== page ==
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New Hampshire Bill Would Defend Cryptocurrencies

A new bill recently passed in the New Hampshire House of Representatives would reverse regulations created by a law that was enacted in 2015. The regulations enacted in 2015 were the result of ironically numbered House Bill 666, a piece of legislation that was requested by the New Hampshire Banking Department. House Bill 666 regulated certain cryptocurrency businesses as money transmitters under state law. The regulations enacted in 2015 caused at least one Bitcoin-related company to stop doing business in New Hampshire. Cryptocurrency activists in the Live Free or Die state were caught off guard by the regulations, and went to their state legislators to push for a repeal of the law. The new legislation, House Bill 436, passed the New Hampshire House of Representatives on March 8th.

House Bill 436 would add “Persons who engage in the business of selling or issuing payment instruments or stored value solely in the form of convertible virtual currency; or receive convertible virtual currency for transmission to another location,” to the list of people and organizations that are exempted from the requirement to obtain a money transmitter license from the New Hampshire Baking Department. Under current law, businesses, like Coinbase, which convert cryptocurrencies into cash are required to get a money transmitter license. The current law regulates cryptocurrency exchanges the same way businesses like Western Union and MoneyGram are regulated. If enacted, House Bill 436 would be a strong protection for cryptocurrency businesses, deregulating them and ending the requirement to obtain a money transmitter license. New Hampshire would essentially be doing the exact opposite of what New York has decided to do, with their bitlicense regulations. This would be great news for New Hampshire, a state which some New Hampshire activists claim has the greatest number of Bitcoin enthusiasts per capita.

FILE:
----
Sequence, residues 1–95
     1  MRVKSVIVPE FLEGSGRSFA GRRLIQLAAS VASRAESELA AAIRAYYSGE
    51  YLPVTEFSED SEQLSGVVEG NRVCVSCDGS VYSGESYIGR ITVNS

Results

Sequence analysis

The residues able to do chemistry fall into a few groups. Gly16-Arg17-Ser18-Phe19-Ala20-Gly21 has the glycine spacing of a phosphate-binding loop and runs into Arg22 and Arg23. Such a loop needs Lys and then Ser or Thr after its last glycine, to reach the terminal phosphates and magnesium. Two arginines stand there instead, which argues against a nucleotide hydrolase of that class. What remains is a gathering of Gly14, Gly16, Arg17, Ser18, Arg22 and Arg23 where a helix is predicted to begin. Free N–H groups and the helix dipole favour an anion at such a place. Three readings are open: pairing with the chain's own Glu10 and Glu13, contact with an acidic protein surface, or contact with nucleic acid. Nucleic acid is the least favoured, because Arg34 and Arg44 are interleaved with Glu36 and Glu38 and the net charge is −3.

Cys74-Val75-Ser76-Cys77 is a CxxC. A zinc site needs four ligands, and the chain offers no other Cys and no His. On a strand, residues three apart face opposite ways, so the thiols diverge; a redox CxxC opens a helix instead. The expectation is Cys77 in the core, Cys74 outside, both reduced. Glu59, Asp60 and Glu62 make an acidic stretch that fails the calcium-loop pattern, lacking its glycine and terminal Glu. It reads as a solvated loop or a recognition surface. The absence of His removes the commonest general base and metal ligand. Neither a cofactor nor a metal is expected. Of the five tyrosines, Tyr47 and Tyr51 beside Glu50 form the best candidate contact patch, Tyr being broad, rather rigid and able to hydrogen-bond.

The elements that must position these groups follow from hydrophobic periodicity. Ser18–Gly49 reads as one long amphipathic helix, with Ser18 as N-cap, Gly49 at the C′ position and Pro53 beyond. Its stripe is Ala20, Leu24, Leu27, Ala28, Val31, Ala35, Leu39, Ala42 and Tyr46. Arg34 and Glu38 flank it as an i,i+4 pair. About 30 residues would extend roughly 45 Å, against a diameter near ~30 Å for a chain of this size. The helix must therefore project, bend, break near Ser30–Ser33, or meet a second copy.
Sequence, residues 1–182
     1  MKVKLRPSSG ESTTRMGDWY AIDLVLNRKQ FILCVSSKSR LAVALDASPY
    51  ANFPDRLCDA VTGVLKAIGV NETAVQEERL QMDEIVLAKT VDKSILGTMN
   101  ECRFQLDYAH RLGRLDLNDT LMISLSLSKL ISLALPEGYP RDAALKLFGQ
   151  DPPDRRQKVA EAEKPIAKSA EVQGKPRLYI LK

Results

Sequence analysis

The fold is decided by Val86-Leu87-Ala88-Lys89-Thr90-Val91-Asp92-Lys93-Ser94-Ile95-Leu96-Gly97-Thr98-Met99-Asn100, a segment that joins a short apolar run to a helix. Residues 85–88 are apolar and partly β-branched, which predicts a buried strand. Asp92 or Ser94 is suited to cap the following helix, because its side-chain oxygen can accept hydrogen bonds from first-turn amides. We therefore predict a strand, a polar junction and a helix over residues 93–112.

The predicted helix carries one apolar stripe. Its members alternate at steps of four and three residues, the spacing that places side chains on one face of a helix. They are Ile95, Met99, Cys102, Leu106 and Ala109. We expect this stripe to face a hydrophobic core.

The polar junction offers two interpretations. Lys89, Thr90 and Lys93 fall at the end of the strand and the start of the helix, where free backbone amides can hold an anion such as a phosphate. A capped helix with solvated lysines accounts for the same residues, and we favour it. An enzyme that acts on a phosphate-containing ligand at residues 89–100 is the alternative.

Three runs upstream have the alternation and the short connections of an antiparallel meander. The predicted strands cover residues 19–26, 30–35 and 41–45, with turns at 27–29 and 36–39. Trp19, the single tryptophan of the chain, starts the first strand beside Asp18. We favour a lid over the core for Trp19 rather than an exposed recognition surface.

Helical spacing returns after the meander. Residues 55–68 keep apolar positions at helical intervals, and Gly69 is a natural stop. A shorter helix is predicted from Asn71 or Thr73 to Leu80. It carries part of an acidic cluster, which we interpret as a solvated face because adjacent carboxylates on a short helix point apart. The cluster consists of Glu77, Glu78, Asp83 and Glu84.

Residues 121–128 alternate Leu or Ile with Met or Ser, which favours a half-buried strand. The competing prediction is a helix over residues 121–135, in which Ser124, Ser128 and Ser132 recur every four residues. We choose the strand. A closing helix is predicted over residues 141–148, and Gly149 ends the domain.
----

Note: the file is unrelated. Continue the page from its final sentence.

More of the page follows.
The original language of House Bill 436 did not go nearly as far to protect cryptocurrency businesses, and activists went back to their representatives and demanded the bill be changed. The bill was introduced by Republican New Hampshire State Representative Barbara Biggie and co-sponsored by fellow New Hampshire Republican Representative Keith Ammon. Representative Biggie decided to amend the bill and after listening to her constituents advice on changing the bill. The amendment changed the bill to exempt cryptocurrency businesses from the money transmitter license requirement. Representative Biggie’s amendment to her bill was approved and the amended version of House Bill 436 was passed by the Commerce and Consumer Affairs Committee. The bill was then passed by the full House of Representatives by a vote of 185-170. House Bill 436 is currently being considered in the New Hampshire Senate.

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